By the time you read this it should be properly spring and noticeably warmer. We've had a generally mild winter which lots of garden pests will have survived, so keep an eye open for them. On the plus side, there should be lots of appropriate predators, as well as more birds to add their song to the dawn and evening chorus.
If you haven't already done so, plant all seed potatoes, they are traditionally planted on Good Friday, but with Easter being mid-April means that remaining maincrop varieties should be planted by now. Remember that most varieties are frost-tender and may need some protection if the overnight temperature threatens to drop below zero.
Lots of vegetables (as well as many annuals and herbs) can be sown now - check the seed packets. They will mostly be hardy types (carrots, beetroot, radish, parsnips etc.) and can go direct into the soil, but that may depend on if you’ve had the chance to prepare the beds for them. There's still a chance of late frosts - never sow into frozen soil.
If you’re not confident about growing things from seed there will be lots of seedlings for sale in garden centres, once they're open again! However, they will have been raised in a very benign environment and won’t appreciate going straight outside, especially if it’s chilly, so they need to be slowly acclimatised by being protected at night – but don’t keep them in a heated house.
Seeds for tender vegetables can be sown under cover; tomatoes, courgettes, squashes, peppers and so forth. Again, you can buy young plants from garden centres but they can be quite expensive for what you get, plus it’s far more satisfying to grow things from scratch. If they need watering it is better to stand the trays in shallow water until the surface of the soil appears damp, spraying from above can flatten the delicate seedlings.
If you are planning a new strawberry bed this year now is the time to save a space and dig in some organic matter such as manure to give these productive fruit crops a really good start. Think about ordering some strawberry plants or runners to be planted next month.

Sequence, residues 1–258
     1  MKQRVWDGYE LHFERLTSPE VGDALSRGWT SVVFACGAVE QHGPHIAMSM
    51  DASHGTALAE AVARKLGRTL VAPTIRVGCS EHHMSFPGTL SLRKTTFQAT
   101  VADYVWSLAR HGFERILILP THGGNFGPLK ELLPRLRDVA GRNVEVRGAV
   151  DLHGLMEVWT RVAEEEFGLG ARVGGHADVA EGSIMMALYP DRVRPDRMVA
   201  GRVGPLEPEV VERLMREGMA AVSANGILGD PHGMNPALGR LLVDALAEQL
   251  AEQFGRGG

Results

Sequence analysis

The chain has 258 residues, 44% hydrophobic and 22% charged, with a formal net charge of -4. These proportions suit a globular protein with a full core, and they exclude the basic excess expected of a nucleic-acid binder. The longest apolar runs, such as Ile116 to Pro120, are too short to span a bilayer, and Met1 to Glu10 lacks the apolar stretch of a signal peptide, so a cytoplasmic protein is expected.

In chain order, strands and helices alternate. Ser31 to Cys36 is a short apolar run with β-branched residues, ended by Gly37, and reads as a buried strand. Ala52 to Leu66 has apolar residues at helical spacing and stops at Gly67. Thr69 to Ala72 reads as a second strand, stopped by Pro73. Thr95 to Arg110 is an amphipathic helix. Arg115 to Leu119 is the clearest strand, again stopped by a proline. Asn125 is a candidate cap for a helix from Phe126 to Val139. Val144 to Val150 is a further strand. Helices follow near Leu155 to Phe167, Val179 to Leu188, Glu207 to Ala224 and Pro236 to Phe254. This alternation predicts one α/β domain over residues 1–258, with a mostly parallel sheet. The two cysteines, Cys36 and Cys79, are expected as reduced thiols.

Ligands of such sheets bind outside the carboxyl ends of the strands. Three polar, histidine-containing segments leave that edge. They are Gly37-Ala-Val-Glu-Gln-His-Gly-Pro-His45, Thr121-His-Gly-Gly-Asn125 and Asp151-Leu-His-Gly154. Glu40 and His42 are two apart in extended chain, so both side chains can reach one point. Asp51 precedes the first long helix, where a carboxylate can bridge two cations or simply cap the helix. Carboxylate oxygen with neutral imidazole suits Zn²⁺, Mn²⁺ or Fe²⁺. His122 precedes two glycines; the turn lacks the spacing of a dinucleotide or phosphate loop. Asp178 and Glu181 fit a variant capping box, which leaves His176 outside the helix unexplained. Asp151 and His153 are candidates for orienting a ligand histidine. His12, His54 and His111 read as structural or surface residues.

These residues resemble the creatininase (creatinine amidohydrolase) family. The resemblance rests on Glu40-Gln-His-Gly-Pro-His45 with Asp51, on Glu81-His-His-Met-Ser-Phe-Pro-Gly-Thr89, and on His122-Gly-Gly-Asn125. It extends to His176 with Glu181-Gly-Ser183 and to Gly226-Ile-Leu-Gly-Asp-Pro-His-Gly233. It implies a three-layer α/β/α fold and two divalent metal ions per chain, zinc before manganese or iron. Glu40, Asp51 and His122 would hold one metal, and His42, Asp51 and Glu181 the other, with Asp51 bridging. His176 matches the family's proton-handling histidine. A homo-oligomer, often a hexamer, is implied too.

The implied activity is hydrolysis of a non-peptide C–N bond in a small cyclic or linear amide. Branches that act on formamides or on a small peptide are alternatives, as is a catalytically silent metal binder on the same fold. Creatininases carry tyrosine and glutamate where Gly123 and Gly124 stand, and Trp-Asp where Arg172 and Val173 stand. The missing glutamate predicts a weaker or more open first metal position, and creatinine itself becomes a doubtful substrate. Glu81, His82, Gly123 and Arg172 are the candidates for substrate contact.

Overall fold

Mulching with compost is by far the best way to feed your garden, but if you can’t produce enough or haven’t got a good source, most established plants will appreciate some general fertiliser spread around above where their roots will be, and gently forked in – don’t overdo it and damage the roots themselves. If you only have a little compost, either reserve it for your hungriest plants or use it to cover a thin scattering of fertiliser.
As the days warm anything in pots will need to be watered more often, especially houseplants, which should be moved away from places where they are in direct sunlight. Start including a weak feed, increasing to full strength as new growth starts to sprout.
If you have fruit trees or shrubs their blossom may be damaged by frost, so try to protect them; this is more important for things like apricots or peaches, which are more vulnerable. Larger trees will to some extent provide their own micro-climate so will suffer less damage (depending on the severity of the frost), and can be left to take their chances.
Lawns should be growing faster now, so may require more frequent and lower cuts. You can also repair any patches that have appeared over winter by sowing seed into them; loosen the soil a bit first, and rake the surface. Protect any newly-sown areas from pigeons.
There isn't a month when you shouldn’t be weeding, but it’s much more important if the weather is mild!
Words: Transition Chesterfield Picture: Robert Nixon Betts